Financial Liberalization and Consumption Volatility in Developing Countries
One of the chief benefits of financial liberalization proposed by theoretical literature is that it should allow countries to better smooth consumption through international risk sharing. Recent empirical evidence does not support this prediction. In developing countries, financial liberalization seems to be associated with an increase in consumption volatility. This paper seeks to rationalize the evidence by linking it to two important features of developing countries. First, domestic financial markets are underdeveloped. We model this by adopting the Kocherlakota (1996) framework of risk sharing subject to limited commitment. Second, access to international markets is not available to all members of society. We show that when risks are idiosyncratic, that is, insurable within the domestic economy, opening up to international markets reduces the amount of risk sharing attained at home and raises the volatility of consumption. When risk is aggregate to the economy, the underdeveloped financial system prevents the pooling of aggregate risk across agents for the purposes of insurance in the international markets. Thus, while the volatility of consumption coming from aggregate risk decreases with financial liberalization, it does so by much less than would be predicted by a representative agent model.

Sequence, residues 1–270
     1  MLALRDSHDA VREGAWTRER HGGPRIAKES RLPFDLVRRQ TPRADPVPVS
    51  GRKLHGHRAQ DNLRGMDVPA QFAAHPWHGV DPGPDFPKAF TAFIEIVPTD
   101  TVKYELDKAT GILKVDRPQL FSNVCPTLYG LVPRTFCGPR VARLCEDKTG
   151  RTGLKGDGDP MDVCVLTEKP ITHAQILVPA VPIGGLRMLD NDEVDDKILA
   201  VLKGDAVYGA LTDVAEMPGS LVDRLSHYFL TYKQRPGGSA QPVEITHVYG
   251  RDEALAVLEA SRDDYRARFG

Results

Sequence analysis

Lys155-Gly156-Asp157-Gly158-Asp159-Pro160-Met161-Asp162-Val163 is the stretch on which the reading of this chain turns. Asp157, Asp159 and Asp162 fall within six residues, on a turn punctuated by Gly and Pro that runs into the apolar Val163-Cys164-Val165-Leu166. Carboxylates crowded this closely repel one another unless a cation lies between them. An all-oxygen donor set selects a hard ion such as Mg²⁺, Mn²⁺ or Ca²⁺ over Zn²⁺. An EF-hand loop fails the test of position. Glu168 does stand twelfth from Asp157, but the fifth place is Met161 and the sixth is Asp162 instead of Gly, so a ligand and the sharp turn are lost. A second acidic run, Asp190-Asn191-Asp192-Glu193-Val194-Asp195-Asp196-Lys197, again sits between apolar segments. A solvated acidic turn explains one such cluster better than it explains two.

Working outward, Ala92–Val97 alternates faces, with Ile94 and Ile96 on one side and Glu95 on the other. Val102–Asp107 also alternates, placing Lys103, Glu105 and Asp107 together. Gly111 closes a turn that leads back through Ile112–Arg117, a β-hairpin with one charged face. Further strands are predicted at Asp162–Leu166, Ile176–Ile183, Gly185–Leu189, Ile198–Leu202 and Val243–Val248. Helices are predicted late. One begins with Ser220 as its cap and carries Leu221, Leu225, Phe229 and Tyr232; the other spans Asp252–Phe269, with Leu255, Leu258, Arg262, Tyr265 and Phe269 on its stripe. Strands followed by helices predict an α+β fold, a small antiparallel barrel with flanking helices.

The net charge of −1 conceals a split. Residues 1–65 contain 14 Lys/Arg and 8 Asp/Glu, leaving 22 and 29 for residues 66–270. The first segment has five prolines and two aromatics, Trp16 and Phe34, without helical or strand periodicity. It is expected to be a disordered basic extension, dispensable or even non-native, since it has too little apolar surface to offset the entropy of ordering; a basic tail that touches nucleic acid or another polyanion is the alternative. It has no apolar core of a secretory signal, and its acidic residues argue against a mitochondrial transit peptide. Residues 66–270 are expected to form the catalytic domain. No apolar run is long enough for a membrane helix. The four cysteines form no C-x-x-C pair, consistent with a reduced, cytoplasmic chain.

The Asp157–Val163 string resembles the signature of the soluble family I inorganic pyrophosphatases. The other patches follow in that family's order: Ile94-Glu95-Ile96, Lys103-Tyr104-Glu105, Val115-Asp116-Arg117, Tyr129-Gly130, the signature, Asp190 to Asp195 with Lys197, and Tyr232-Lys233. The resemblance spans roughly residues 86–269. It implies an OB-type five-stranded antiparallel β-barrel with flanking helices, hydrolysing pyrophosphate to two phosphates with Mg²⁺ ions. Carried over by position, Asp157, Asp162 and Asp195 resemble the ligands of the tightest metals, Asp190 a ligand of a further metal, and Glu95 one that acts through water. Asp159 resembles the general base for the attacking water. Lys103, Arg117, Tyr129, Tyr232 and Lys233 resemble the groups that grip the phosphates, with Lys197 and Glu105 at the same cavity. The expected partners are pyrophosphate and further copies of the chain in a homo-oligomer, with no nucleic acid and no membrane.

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Volume (Year): 52 (2005)
Issue (Month): 2 (September)
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